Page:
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Tailoring STrAtegies for RelaTives for Black and South Asian dementia family carers in the United Kingdom: A mixed methods study

Webster, Lucy, Amador, Sarah, Rapaport, Penny, Mukadam, Naaheed, Sommerlad, Andrew, James, Tiffeny, Javed, Sabrina, Roche, Moïse, Lord, Kathryn, Bharadia, Trishna, and others. (2023) Tailoring STrAtegies for RelaTives for Black and South Asian dementia family carers in the United Kingdom: A mixed methods study. International Journal of Geriatric Psychiatry, 38 (1). Article Number e5868. ISSN 0885-6230. (doi:10.1002/gps.5868) (KAR id:99754)


We culturally adapted STrAtegies for RelaTives (START), a clinically and cost-effective intervention for dementia family carers, for Black and South Asian families. It had previously been delivered to family carers around the time of diagnosis, when most people with dementia had very mild, mild or moderate dementia. We interviewed a maximum variation sample of family carers (phase one; n = 15 South Asian; n = 11 Black) about what aspect of START, required cultural adaptation, then analysed it thematically using the Cultural Treatment Adaptation Framework then adapted it in English and into Urdu. Facilitators then delivered START individually to carers (phase two; n = 13 South Asian; n = 8 Black). We assessed acceptability and feasibility through the number of sessions attended, score for fidelity to the intervention and interviewing family carers about their experiences. We used the Hospital Anxiety and Depression Scale. to examine whether immediate changes in family carers' mental health were in line with previous studies. In phase one we made adaptations to peripheral elements of START, clarifying language, increasing illustrative vignettes numbers, emphasising privacy and the facilitator's cultural competence and making images ethnically diverse. In phase two 21 family carers consented to receive the adapted intervention; 12 completed ≥5/8 sessions; four completed fewer sessions and five never started. Baseline HADS score (n = 21) was 14.4 (SD = 9.8) but for those who we were able to follow up was 12.3 (SD 8.1) and immediately post-intervention was 11.3 (n = 10; SD = 6.1). Family carers were positive about the adapted START and continued to use elements after the intervention. Culturally adapted START was acceptable and feasible in South Asian and Black UK-based family carers and changes in mental health were in line with those in the original clinical trial. Our study shows that culturally inclusive START was also acceptable. Changes made in adaptations were relevant to all populations. We now use the adapted version for all family carers irrespective of ethnicity.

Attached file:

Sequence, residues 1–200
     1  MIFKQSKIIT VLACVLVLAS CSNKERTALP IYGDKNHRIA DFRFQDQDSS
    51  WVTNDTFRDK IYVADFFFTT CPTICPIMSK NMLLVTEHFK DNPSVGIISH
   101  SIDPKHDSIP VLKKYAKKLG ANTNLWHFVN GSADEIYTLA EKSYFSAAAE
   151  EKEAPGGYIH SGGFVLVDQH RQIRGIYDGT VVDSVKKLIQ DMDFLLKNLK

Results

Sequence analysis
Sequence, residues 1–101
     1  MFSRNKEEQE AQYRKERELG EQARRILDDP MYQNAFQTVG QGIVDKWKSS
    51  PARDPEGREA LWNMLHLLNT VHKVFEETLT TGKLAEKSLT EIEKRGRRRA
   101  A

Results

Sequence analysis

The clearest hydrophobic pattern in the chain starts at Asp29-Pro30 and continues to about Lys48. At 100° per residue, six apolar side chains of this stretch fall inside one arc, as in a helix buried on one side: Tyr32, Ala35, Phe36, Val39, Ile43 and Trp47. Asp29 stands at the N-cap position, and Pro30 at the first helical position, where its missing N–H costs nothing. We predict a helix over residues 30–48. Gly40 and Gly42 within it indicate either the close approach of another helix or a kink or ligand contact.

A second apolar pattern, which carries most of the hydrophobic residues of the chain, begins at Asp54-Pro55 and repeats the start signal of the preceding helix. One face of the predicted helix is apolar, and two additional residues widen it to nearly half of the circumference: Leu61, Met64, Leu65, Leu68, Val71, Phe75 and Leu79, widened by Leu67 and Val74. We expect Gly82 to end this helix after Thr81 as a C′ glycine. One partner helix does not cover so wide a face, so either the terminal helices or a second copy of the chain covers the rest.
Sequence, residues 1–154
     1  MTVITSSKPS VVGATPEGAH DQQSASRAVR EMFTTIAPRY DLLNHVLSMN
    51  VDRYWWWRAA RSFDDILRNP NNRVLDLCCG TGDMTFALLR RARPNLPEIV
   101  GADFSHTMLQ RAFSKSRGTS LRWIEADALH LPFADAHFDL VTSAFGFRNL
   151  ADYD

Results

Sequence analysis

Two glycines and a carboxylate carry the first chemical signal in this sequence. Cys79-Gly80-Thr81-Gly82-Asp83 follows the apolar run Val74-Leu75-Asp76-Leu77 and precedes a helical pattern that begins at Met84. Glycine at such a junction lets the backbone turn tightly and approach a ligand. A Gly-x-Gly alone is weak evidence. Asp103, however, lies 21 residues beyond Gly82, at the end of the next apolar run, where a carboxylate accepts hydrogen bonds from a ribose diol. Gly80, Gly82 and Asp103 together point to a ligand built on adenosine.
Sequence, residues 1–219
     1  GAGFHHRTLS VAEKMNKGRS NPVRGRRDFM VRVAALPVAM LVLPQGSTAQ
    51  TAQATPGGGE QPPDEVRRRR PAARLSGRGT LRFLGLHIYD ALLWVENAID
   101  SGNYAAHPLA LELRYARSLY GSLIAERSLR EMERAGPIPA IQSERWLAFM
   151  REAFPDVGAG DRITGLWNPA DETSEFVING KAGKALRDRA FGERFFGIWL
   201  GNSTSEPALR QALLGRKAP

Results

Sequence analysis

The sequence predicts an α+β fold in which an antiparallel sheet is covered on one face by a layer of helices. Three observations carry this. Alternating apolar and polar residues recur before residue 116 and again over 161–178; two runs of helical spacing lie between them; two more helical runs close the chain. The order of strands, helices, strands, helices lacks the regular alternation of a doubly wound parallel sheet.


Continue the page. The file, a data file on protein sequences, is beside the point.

Item Type: Article
DOI/Identification number: 10.1002/gps.5868
Uncontrolled keywords: family carers, dementia, cultural adaption, mental health, ethnicity, psychological intervention
Subjects: H Social Sciences
H Social Sciences > HV Social pathology. Social and public welfare
Divisions: Divisions > Division for the Study of Law, Society and Social Justice > School of Social Policy, Sociology and Social Research > Centre for Health Services Studies
Funders: Alzheimer's Society (
SWORD Depositor: JISC Publications Router
Depositing User: JISC Publications Router
Date Deposited: 24 Feb 2023 16:22 UTC
Last Modified: 04 Mar 2024 16:46 UTC
Resource URI: (The current URI for this page, for reference purposes)

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